Why I insist on healing and reconciliation

This is the third blog I am writing on the restorative process that I believe Kenya desperately needs, before the year of our lord 2012.

Mid last year, I visited the Nakuru ASK showground where thousands of Kenyans were living in squalor after being ejected from their farms at the height of the post-election violence.

One of the couples I met told a harrowing tale about how their eldest son was shot in the back with an arrow.  They carried him – with the arrow still lodged in his back for an agonising four days – to Nakuru, where he died on the door steps of the district hospital.

When I met the family, the couple was occupying a single tent with their six remaining children.  None of the youngsters was more than 15 years of age.

I naively asked if they were ready to return to their farm once the government facilitated their re-settlement.  This is the response I got from the woman known as Nyaguthie. “You want me to take these remaining children to be killed when elections are held in 2012?  I am willing to lose the farm (20 acres of it) and live as a squatter anywhere else!”

She asked me how I expected her to go back and live with the people who killed her son (her next door neighbours).

I have compassion for Nyaguthie and keep wondering what became of her and her family.  It is people like her that I think of, when I say Kenya needs healing – without further delay.

There has been a furore following the appointment of the TJRC last week, and want to draw everyone’s attention to a blog I wrote on June 22.  At the time, I expressed concern that the appointment of the TJRC commissioners was being done in secrecy.

No one appeared to pay much attention, until of course the President made the appointments and activists were up in arms.  This is too little too late…  The time to reject (or approve) the appointments was before Parliament ratified the nominees.

At the time, I pointed out that the integrity of the individuals to head this all-important institution would determine the triumph (or failure) of the TRJC.

I have seen comments made against Bethuel Kiplagat’s appointment but the man has defended himself (and shed tears in the process).  I dare say there are very few individuals who can fit the bill when it comes to heading such a commission.

Where were the organisations and individuals opposed to his appointment when they had the opportunity to test his suitability for the appointment?  Kenyans have perfected the art of rejecting anything and everything without regard to due process.

Kenya frantically needs to kick-start this healing process.  After watching proceedings of the South African Truth Commission, I realised that some people just need a forum where they can tell their story… others want to know where the bodies of their kin were buried during oppressive regimes; others want to come face to face with the perpetrators of whatever heinous crimes were committed.  Others want to hear the confessions and then, and only then, can they forgive the perpetrators.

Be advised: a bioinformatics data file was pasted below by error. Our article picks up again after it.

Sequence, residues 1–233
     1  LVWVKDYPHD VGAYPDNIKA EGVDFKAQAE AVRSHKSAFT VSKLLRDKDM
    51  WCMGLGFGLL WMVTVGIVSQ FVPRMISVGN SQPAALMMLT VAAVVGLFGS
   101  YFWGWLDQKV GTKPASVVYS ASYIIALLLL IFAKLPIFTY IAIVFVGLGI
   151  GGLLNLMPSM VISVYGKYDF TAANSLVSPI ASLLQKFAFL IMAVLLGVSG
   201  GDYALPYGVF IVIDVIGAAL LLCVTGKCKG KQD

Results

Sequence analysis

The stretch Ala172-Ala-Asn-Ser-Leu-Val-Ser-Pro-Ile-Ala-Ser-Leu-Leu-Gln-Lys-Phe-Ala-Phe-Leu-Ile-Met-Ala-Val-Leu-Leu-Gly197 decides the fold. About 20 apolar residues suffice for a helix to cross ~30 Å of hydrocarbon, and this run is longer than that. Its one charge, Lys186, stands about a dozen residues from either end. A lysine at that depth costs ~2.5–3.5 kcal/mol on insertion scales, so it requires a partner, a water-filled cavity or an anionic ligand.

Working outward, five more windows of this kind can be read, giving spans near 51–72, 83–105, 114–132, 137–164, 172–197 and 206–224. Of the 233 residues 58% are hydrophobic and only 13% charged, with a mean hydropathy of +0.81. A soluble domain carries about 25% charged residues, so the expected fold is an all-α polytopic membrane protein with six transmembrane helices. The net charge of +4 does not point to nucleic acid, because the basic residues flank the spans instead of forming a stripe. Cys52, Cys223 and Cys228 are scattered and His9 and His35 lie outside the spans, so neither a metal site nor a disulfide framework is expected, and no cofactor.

It is possible to forgive. But forgiveness comes after one owns up to their mistakes.  I want to say (for the third time) that we need to give healing and reconciliation a chance.  We need to nurse Kenya back to health long before 2012.

0 Replies to “Why I insist on healing and reconciliation”

  1. I hear you on this one. Even though I’m not Kenyan, I share in the frustration of your generation. It is a pity that politics can stand in the way of youthful people ascending into high office. I have advice for you and Mr Miller. It’s now NEVER. If he let’s this one go, we get stuck in the same rut. Please insist on this one. PLEASE. You will do many of your generation a huge favour. It is time to rid this country of political patronage.

  2. Miller should not give it up that easy. He and those who are pushing for his appointment should fight it out to the very end. For how long will we just give way for the Kaparo’s,Raila’s and the rest of the wazees. They should go home and look after cattle as Energy Minister Kiraitu Murungi once advised former President Moi.

  3. I get your point Michael. The youth in this country need to go back to the drawing board. We have been beaten on this one but there is a chance to make a difference. Lets get more young people in Parliament. That way, there will be no wazees to fight nominations like that of Mr Miller. Are you prepared to take up the mantle Michael and Co?

  4. He should let it go. He can fight another day. This is because by the time politicians are through with him, he wont have a name. and as a lawyer, he needs his name to attract clients.

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